Nonresident aliens who received income from U.S. sources in 2018 also must determine whether they have a U.S. tax obligation. The filing deadline for nonresident aliens is April 15. See Taxation of Nonresident Aliens on IRS.gov.
Special income tax return reporting for foreign accounts and assets
In addition to the annual Report of Foreign Bank and Financial Accounts (FBAR) requirements outlined above, federal law requires U.S. citizens and resident aliens to report any worldwide income, including income from foreign trusts and foreign bank and securities accounts. In most cases, affected taxpayers need to complete and attach Schedule B to their tax return. Part III of Schedule B asks about the existence of foreign accounts, such as bank and securities accounts, and usually requires U.S. citizens to report these items for the country in which each account is located.
Also, separate from the foreign accounts reporting requirements above, certain taxpayers may also have to complete and attach to their return Form 8938, Statement of Specified Foreign Financial Assets. Generally, U.S. citizens, resident aliens and certain nonresident aliens must report specified foreign financial assets on this form if the aggregate value of those assets exceeds certain thresholds. See the instructions for this form for details.
Specified domestic entity reporting
Certain domestic corporations, partnerships and trusts that are considered formed for the purpose of holding (directly or indirectly) specified foreign financial assets must file Form 8938 if the total value of those assets exceeds $50,000 on the last day of the tax year or $75,000 at any time during the tax year.
For more information on specified domestic entity reporting, as well as the types of specified foreign financial assets that must be reported, see Do I need to file Form 8938, “Statement of Specified Foreign Financial Assets”? and its instructions.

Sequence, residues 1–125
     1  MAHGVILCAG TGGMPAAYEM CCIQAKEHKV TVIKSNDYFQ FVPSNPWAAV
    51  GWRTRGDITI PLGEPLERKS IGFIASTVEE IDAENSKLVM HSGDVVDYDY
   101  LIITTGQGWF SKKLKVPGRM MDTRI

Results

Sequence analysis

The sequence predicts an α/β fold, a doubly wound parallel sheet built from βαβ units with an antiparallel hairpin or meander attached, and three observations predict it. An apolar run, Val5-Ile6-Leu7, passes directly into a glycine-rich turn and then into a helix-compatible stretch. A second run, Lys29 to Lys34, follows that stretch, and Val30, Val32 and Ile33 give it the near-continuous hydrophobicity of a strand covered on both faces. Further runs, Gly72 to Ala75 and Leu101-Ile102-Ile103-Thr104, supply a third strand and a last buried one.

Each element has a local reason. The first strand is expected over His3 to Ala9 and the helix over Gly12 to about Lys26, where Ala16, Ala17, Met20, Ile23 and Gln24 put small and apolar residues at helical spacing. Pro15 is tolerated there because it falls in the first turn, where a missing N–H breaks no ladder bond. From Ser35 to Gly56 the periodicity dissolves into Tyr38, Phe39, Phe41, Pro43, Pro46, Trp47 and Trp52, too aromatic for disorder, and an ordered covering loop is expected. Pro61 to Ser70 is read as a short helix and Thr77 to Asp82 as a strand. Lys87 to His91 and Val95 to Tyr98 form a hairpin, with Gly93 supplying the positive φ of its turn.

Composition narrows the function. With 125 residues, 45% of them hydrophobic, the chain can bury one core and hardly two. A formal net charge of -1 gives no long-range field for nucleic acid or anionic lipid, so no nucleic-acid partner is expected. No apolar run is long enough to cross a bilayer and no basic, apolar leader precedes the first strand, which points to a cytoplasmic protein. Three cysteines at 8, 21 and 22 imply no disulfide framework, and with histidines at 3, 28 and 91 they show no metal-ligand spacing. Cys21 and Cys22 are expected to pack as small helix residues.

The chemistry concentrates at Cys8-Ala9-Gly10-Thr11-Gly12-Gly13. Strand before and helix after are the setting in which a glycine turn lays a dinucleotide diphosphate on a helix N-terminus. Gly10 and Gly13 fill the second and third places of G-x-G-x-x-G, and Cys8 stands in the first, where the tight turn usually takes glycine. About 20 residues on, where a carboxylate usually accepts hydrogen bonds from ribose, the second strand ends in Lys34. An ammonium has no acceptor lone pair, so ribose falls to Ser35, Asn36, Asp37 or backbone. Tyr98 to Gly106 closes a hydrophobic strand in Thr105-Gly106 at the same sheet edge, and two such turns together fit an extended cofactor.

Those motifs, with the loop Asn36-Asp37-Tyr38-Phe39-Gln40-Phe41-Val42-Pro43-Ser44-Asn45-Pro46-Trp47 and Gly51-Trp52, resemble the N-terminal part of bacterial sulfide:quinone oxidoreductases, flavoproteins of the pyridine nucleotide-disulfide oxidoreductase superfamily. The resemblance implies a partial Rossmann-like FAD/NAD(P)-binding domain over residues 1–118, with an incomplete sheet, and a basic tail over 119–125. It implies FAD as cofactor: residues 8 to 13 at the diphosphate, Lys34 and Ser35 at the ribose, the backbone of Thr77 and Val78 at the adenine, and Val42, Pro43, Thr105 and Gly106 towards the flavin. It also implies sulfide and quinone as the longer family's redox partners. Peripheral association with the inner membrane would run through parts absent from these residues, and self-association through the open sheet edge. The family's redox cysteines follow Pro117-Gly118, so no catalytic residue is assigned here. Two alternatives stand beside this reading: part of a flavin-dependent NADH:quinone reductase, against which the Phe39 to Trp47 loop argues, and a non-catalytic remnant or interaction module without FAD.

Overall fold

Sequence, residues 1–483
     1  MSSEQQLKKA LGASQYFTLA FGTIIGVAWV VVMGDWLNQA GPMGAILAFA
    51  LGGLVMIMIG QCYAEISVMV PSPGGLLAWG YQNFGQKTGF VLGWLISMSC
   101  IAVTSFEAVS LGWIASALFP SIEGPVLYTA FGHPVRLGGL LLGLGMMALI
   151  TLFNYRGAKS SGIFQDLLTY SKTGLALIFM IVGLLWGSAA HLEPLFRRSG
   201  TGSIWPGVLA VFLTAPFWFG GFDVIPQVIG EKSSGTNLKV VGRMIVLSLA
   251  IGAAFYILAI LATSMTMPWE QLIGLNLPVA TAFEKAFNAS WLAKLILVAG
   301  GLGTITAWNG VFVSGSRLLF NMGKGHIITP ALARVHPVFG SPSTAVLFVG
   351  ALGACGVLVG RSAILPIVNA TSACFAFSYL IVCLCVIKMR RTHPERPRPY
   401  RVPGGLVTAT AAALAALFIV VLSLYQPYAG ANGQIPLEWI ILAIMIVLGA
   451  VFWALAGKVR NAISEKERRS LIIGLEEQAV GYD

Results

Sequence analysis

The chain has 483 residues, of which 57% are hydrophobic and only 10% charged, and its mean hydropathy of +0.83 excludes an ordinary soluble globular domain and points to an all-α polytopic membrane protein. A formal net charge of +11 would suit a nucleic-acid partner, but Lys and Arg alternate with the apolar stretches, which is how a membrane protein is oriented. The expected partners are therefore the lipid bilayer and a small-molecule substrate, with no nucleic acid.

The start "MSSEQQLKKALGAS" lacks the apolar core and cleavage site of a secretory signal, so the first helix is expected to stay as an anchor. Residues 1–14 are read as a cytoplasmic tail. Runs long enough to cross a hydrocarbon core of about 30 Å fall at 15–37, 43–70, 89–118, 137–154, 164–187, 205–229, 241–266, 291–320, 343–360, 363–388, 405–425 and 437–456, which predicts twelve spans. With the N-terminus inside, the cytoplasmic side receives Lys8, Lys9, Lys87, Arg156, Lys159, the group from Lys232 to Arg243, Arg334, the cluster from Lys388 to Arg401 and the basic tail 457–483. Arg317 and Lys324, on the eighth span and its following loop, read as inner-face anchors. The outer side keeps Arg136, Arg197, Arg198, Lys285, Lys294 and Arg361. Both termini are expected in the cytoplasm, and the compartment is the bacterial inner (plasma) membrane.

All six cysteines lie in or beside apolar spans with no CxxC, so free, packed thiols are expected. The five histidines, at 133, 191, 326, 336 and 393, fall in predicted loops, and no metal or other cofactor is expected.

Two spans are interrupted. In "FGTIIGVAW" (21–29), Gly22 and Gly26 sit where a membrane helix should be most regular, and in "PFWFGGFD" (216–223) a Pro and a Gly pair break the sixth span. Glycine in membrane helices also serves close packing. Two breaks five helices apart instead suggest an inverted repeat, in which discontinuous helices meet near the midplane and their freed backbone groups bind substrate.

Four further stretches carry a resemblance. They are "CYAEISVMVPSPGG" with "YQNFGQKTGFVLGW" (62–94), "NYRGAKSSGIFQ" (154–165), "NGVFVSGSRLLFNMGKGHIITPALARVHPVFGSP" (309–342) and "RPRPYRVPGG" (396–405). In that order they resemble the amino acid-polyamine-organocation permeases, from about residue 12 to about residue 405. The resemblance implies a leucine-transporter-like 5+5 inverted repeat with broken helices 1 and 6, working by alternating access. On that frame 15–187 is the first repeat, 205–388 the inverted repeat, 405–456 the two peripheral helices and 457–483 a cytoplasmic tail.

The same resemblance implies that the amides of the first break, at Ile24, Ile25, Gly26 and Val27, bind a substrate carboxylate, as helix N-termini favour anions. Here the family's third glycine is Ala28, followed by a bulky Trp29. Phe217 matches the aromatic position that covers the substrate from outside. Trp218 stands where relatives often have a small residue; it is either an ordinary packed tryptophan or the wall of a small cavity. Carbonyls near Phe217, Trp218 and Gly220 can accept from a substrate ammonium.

Report in U.S. dollars
Any income received, or deductible expenses paid in foreign currency must be reported on a U.S. tax return in U.S. dollars. Likewise, any tax payments must be made in U.S. dollars.
Both FinCen Form 114 and IRS Form 8938 require the use of a December 31 exchange rate for all transactions, regardless of the actual exchange rate on the date of the transaction. Generally, the IRS accepts any posted exchange rate that is used consistently. For more information on exchange rates, see Foreign Currency and Currency Exchange Rates.
Taxpayers who relinquished their U.S. citizenship or ceased to be lawful permanent residents of the United States during 2018 must file a dual-status alien tax return, attaching Form 8854, Initial and Annual Expatriation Statement. A copy of the Form 8854 must also be filed with Internal Revenue Service, Philadelphia, PA 19255-0049, by the due date of the tax return (including extensions). See the instructions for this form and Notice 2009-85, Guidance for Expatriates Under Section 877A, for further details.
More information available
Any U.S. taxpayer here or abroad with tax questions can refer to the International Taxpayers page and use the online IRS Tax Map and the International Tax Topic Index to get answers. These online tools group IRS forms, publications and web pages by subject and provide users with a single-entry point to
Taxpayers who are looking for return preparers abroad should visit the Directory of Federal Tax Return Preparers with Credentials and Select Qualifications.
To help avoid delays with tax refunds, taxpayers living abroad should visit Helpful Tips for Effectively Receiving a Tax Refund for Taxpayers Living Abroad on IRS.gov.
More information on the tax rules that apply to U.S. citizens and resident aliens living abroad can be found in Publication 54, Tax Guide for U.S. Citizens and Resident Aliens Abroad, available on IRS.gov.